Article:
Matrics ‘on the fringe’ is Youth Capital’s research brief that reviewed the Second Chance Matric Programme. This is a programme by the Department of Basic Education that enables young people to re-write their matric exam or upgrade a subject. The brief takes into consideration the experiences of second-chancers, and quantifies that, at any given year, 250 000 young people are working towards their matric qualification, outside of the full-schooling system.
Being outside of the full-time schooling system means that young people don’t have access to textbooks nor to a teacher (if you are taking this route without the assistance of a private college). So we need to give relevance to free resources that can help young people get ready for their exams.
During a Facebook Live panel discussion, Aqeel Madhi, a second- chancer from the Kathrada Foundation, Tao Boyle from Foonda Mate and Nosipho Sithole from Siyavula Education talked about the importance of support and resources for the young people preparing to rewrite their matric
Aqeel shared that when he was preparing to rewrite matric, specifically Maths and Physical Science that he wanted to upgrade, he had “a lack of support”. He explained that unlike when you are doing matric full time at school, “during your rewrite year you simply register for the re-write exam and there are no teachers constantly supporting you”. He added that he felt like there was a “complete isolation for the whole matric re-write year and on top of that no one has gone through what you are going through”. So parents who cannot relate to a young person preparing to re-write, do not know how to support the young person. Thankfully Aqeel was able to find online resources like Siyavula to help him prepare for his exams.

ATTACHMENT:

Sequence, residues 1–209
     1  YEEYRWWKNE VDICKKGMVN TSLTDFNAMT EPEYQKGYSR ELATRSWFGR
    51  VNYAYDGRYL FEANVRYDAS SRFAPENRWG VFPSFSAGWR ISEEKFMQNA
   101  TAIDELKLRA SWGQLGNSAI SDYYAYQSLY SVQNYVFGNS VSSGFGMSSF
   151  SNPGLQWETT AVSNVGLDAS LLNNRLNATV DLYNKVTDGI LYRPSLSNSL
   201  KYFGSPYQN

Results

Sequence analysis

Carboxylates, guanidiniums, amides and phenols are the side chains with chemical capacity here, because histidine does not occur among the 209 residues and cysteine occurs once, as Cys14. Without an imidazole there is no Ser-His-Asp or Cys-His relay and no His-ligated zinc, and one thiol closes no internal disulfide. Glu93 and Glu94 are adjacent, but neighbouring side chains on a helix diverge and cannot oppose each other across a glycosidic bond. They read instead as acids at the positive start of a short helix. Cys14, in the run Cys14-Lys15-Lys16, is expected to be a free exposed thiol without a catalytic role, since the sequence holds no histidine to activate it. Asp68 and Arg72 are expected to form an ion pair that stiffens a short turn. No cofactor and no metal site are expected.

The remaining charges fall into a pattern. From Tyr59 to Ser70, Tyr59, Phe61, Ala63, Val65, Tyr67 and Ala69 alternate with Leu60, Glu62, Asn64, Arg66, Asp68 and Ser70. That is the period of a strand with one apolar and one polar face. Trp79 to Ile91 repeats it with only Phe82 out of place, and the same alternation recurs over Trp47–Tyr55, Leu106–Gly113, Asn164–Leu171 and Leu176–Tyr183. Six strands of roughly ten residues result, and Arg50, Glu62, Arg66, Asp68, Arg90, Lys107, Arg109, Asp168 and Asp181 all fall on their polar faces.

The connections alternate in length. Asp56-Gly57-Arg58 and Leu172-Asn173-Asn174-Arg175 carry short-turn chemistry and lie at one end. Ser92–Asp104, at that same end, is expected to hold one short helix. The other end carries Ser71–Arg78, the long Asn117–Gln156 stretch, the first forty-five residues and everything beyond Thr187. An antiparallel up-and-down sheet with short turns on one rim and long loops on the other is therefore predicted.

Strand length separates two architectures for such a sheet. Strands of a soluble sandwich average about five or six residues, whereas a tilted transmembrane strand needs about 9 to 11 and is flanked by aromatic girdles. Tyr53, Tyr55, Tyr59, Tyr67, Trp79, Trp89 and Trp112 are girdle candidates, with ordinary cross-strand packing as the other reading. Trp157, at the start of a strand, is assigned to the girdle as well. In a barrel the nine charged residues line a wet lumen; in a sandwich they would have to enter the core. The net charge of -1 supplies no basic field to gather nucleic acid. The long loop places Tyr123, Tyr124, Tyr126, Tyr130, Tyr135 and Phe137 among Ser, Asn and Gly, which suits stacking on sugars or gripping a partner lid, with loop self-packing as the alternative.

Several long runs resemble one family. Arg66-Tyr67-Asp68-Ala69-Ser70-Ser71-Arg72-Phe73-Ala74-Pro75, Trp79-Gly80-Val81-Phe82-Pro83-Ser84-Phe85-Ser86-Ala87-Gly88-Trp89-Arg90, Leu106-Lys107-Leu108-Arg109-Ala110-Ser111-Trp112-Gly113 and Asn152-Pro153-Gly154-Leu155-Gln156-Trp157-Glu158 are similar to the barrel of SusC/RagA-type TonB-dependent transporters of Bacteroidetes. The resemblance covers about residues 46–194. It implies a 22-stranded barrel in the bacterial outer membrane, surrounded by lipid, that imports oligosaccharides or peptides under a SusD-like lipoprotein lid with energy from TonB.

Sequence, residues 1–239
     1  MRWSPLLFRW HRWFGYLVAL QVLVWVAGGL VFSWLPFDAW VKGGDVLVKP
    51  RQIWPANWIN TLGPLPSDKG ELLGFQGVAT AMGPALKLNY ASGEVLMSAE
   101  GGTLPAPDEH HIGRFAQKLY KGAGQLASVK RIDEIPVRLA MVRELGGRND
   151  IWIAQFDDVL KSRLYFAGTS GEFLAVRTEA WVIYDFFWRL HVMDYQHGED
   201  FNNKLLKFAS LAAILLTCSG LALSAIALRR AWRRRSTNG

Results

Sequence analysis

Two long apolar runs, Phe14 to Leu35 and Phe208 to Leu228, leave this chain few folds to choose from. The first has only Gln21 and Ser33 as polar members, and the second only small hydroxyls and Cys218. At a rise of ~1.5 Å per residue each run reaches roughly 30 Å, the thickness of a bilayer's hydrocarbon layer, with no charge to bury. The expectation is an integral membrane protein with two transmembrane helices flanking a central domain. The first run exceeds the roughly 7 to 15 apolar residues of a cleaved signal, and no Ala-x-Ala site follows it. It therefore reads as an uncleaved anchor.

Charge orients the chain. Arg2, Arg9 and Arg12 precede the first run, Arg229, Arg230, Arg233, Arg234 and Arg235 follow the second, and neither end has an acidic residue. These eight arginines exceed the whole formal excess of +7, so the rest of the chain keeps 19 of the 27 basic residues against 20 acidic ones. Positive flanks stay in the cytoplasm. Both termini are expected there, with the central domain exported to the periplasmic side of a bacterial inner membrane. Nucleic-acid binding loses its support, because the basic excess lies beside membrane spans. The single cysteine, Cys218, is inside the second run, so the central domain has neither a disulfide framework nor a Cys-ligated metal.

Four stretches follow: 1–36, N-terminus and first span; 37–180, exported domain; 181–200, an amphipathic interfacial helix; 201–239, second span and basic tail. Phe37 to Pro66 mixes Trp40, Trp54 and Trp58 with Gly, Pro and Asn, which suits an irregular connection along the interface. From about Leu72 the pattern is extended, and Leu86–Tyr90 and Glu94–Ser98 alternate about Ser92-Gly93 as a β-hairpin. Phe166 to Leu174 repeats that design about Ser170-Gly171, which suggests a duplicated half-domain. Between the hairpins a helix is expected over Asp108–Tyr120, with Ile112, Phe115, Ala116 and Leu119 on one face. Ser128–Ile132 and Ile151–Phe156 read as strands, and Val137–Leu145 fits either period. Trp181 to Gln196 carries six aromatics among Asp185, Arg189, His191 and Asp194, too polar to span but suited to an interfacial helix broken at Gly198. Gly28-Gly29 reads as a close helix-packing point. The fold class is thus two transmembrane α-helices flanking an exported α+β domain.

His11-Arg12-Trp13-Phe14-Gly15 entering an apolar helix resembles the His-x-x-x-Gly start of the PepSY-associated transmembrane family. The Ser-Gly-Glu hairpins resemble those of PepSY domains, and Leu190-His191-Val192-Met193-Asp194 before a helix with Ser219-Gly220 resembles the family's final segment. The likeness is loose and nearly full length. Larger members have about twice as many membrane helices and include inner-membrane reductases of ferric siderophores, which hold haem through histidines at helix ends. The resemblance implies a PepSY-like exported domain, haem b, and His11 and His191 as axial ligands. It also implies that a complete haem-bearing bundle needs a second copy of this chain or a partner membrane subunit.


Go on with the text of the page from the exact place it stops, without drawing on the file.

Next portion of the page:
Caption: Tao encourages learners to remember that examiners will not ask them what they do not know before exams.
Online resources need to be accessible to young people. Because of the high cost of data in South Africa, being data-light or free is a key requirement. Tao explained that when Foonda Mate was created, there was a strong recognition that young people are already using Whatsapp, which is not as data-heavy as other online platforms. Tao noted that they knew a young person would be keen to use it because young people are already familiar with how the platform works, “I text my friend on Whatsapp, I know how that works”. On the basis of this recognition, Fooda Mate set up a Whatsapp account that allows young people to select the subject and the grade; it then provides relevant resources such as past exam papers.
Similar to Foonda Mate, the Siyavula website was created to be as accessible as possible. MTN, Vodacom and Telkom users do not have to use their data when going onto the website (zero-rated). Nosipho explained that the Siyavula website specifically provides assistance with Maths and Science and can be accessed on a mobile phone, tablet or computer. Nosipho said they “made sure that Whatsapp sharing is a key feature” so that if learners struggle with a concept or math formula while on the website, they can share it with their tutors or teachers on Whatsapp. Siyavula makes available open-source books, besides papers and exercise books.
Steps to access Foonda Mate and Siyavula.
- Save the number, 060 070 3213
- Send a Whatsapp message saying “hi”
- Choose from the options sent to you in response to your “hi” message.
You can visit their website for a short demonstration.
- Visit their website
- Create a profile
- Click on practice and choose the subjects and sub-topics you want to practice what you know about the sub-topics
Here is a document with detailed steps.
To hear more about Foonda Mate, Siyavula and Aqeel’s experience, here is the full Facebook Live Discussion.
What is your experience of studying for a matric re-write using these resources? WhatsApp us!